Not enough people are talking about Jimmie Ward
Richard Sherman commanded the spotlight when he arrived in San Francisco, but now that he’s gone, Chan says there’s a pair of defensive backs everyone around the league should be watching: safety Jimmie Ward and cornerback Jason Verrett.
Ward hasn’t appeared in a full 16 games since 2015 and Verrett has been limited to six or fewer games in four of his six seasons. But if they can stay healthy, the 49ers’ secondary looks like one of the stronger units in the division. In 14 games last season, Ward recorded a career-high 73 tackles and finished with the sixth-highest safety grade (84.9) from Pro Football Focus.
“Jimmie Ward is one of those guys who kind of flies under the radar, but he’s such an important part of that defense,” Chan said. “They call him ‘the eraser’ because he’s such a great safety and (if) something goes wrong on the defensive line he’s there to fix it and make those problems go away. And you look at also Jason Verrett, who everybody doubted because he’s dealt with so many injuries throughout his entire career. He played his first healthy season last year and he’s coming back and they’re looking for him to play exactly like he did last year, which was basically a Pro Bowl level.”
What we learned about the Seahawks: The door isn’t closed on a possible 49ers reunion with Richard Sherman (plus, mobile quarterbacks remain an Achilles heel for the 49ers defense)
Yes, this is technically two things. The first concerns a former Seahawk who has been linked to his old club this offseason, while the second highlights Seattle’s greatest weapon against a healthy 49ers defense.
Seahawks coach Pete Carroll has already told reporters that he’s been in contact with Richard Sherman this offseason. While there doesn’t seem to be any urgency on Carroll or general manager John Schneider’s part to sign Sherman – the pair seem outwardly happy with the cornerback room as it stands now – it at least seemed like a distant possibility this offseason.
The problem for Seahawks fans hoping for a Seattle-Sherm reunion is that the door also remains open on a reunion between Sherman and San Francisco.
“I think it’s definitely a possibility (that Sherman re-signs with the 49ers),” Chan said. “When I spoke to him in the offseason he said, you know, the door is still open, they’re still in talks. They haven’t really talked much, but Richard Sherman is one of those guys, and same with (49ers GM) John Lynch, those guys chat, they communicate regularly. So, I think the door is open for him to return to the 49ers, it’s just trying to figure out where he fits in the best, where he’s going to be able to get the best contract for his situation, and the team gets the best situation for them.”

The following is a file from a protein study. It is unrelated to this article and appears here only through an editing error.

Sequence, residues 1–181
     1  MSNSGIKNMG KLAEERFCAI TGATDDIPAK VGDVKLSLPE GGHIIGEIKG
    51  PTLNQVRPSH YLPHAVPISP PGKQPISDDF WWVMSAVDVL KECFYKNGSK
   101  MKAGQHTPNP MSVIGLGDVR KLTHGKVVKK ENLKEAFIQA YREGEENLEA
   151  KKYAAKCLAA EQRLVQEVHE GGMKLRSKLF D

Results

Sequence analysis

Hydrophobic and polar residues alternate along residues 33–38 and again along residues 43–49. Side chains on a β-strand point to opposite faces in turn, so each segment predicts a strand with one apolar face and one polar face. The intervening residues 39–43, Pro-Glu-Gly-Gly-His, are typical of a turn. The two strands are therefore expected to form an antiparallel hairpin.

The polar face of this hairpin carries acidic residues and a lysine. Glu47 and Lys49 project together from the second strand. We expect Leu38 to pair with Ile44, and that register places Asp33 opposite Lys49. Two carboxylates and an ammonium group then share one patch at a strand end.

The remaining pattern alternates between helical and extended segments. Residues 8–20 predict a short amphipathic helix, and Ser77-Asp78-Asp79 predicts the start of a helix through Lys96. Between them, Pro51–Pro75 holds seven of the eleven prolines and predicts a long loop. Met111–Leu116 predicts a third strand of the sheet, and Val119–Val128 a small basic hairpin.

Back to the Seahawks, who have plenty to worry about with a 49ers defense that doesn’t have Sherman. Seattle’s new offensive coordinator Shane Waldron has several weapons, headlined by quarterback Russell Wilson, whose mobility could still rattle even a healthy 49ers D-line.
“Facing a mobile quarterback,” Chan said bluntly when asked about the 49ers’ Achilles heel. “When they’ve faced Russell Wilson, when they’ve faced (Arizona QB) Kyler Murray, it’s been really challenging for them to get after a mobile quarterback. When they are able to make the stops and shut down an offense and keep their own offense on the field, it’s worked out well for them. But those mobile quarterbacks have been an issue for them even when Nick Bosa’s been healthy
“I remember DeForest Bucker calling Kyler Murray ‘a little squirrel’ back there; he’s just so hard to stop. And Russell Wilson’s the same thing. Those guys can throw on the run and that’s what makes it so tough to play these other NFC West teams. It’s more than just offense versus defense, there’s just a little extra on each side.”